From: Bill Wood (william.wood3 at comcast.net) Date: Mon Mar 20 09:28:15 EST 2006 Previous message: [plt-scheme] 3rd-8th Grade Next message: [plt-scheme] 3rd-8th Grade Messages sorted by: [date] [thread] [subject] [author]

```On Mon, 2006-03-20 at 05:51 -0800, Gregory Woodhouse wrote:
. . .
> Okay, maybe just one (or two) other thoughts before I head off to the
> office. Even with all the nice geometric intuitions we might have
> into Lie algebras, once we pass to n-dimensions (i.e., try and make
> it scale), we end up reasoning about certain pseudograpahs known as
> Dynkin diagrams. The human (or at least, this human) mind doesn't do
> well with n dimensions. An interesting fact about geometry in two
> (complex) dimensions is that it is easy to "algebraize" by passig to
> the quaternions, but you hear little about the Cayley numbers
> (octonians) these days, primarily because they don't even form an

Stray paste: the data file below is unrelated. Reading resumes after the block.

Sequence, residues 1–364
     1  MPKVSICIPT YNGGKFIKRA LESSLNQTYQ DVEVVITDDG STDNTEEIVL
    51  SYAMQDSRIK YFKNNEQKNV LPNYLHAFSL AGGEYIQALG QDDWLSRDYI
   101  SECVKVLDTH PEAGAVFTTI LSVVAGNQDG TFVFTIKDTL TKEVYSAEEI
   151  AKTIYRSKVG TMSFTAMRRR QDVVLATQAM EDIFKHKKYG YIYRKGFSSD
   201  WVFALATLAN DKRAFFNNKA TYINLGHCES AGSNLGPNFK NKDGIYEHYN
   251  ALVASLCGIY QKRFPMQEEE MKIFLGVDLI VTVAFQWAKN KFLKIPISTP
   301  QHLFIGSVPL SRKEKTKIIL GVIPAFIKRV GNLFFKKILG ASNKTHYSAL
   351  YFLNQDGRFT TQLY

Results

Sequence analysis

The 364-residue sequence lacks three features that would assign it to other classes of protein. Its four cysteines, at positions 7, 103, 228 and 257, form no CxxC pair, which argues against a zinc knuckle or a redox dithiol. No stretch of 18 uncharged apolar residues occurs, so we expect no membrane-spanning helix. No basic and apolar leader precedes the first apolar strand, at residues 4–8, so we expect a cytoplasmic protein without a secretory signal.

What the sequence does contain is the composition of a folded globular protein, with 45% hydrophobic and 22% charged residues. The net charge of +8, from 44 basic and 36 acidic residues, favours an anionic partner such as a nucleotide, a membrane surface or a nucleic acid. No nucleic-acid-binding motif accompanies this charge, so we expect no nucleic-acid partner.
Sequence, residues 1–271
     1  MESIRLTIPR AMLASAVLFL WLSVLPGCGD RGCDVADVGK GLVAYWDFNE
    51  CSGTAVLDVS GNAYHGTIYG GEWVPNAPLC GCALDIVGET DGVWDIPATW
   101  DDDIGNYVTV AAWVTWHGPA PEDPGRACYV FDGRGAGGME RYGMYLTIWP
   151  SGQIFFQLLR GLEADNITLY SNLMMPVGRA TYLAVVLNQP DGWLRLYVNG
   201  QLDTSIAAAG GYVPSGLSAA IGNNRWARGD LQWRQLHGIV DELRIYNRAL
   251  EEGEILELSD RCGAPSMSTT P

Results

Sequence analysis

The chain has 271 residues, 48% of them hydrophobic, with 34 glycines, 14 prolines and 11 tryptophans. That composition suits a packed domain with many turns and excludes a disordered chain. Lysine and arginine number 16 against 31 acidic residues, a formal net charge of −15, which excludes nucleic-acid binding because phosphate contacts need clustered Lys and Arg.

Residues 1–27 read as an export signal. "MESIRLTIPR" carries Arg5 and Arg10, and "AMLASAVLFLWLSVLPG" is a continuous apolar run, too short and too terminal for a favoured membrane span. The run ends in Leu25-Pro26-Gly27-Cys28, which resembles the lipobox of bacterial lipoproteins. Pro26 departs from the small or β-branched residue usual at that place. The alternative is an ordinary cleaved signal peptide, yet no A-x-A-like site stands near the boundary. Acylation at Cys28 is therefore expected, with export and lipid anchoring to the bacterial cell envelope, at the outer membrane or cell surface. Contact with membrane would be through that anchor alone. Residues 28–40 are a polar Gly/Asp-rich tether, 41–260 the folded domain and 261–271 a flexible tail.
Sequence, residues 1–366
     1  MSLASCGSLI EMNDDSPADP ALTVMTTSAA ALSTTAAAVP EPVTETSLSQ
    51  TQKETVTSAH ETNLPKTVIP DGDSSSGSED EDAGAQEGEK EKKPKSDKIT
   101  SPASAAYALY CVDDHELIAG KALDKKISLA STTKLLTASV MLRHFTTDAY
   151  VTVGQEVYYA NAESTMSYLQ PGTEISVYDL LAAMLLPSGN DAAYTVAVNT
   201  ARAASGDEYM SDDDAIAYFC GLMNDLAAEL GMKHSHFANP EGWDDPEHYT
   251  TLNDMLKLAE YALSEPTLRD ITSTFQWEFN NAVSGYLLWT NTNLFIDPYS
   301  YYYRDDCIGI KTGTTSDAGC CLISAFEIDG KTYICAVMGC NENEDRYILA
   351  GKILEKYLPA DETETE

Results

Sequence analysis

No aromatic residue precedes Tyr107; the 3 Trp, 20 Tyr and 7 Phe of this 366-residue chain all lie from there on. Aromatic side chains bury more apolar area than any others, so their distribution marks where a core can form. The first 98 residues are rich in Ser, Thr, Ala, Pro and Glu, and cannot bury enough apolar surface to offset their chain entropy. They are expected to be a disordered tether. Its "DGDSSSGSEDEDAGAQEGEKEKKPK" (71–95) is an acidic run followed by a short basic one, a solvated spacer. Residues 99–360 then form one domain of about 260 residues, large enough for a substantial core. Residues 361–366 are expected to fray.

> associative algebra. What may seem a natural correspondence in low
> dimensions may be difficult to generalize.

When we were developing courses on Dijkstra's program development
methods for presentation to engineer-programmers we used a visual model
where a closed curve in the xy-plane indicated the set of states
characterized by a predicate, and evolution of the program step-by-step
was described as a trajectory (up the t-axis).  A loop invariant formed
a tube within which the state sequence was constrained, and the
termination function defined a kind of cone.  As the computation
progressed, the individual states could dance pretty irregularly about
the surface of the cone, but they were drawn inexorably to the vertex, a
circle characterized by the termination condition.  Notice that the
combination of the loop invariant and the termination function acts a
lot like a Lyapunov or potential function.

Engineers appreciated the metaphor, but it doesn't scale at all.  Real
soon you just have to abandon the pictures and rely on the math.

-- Bill Wood

```

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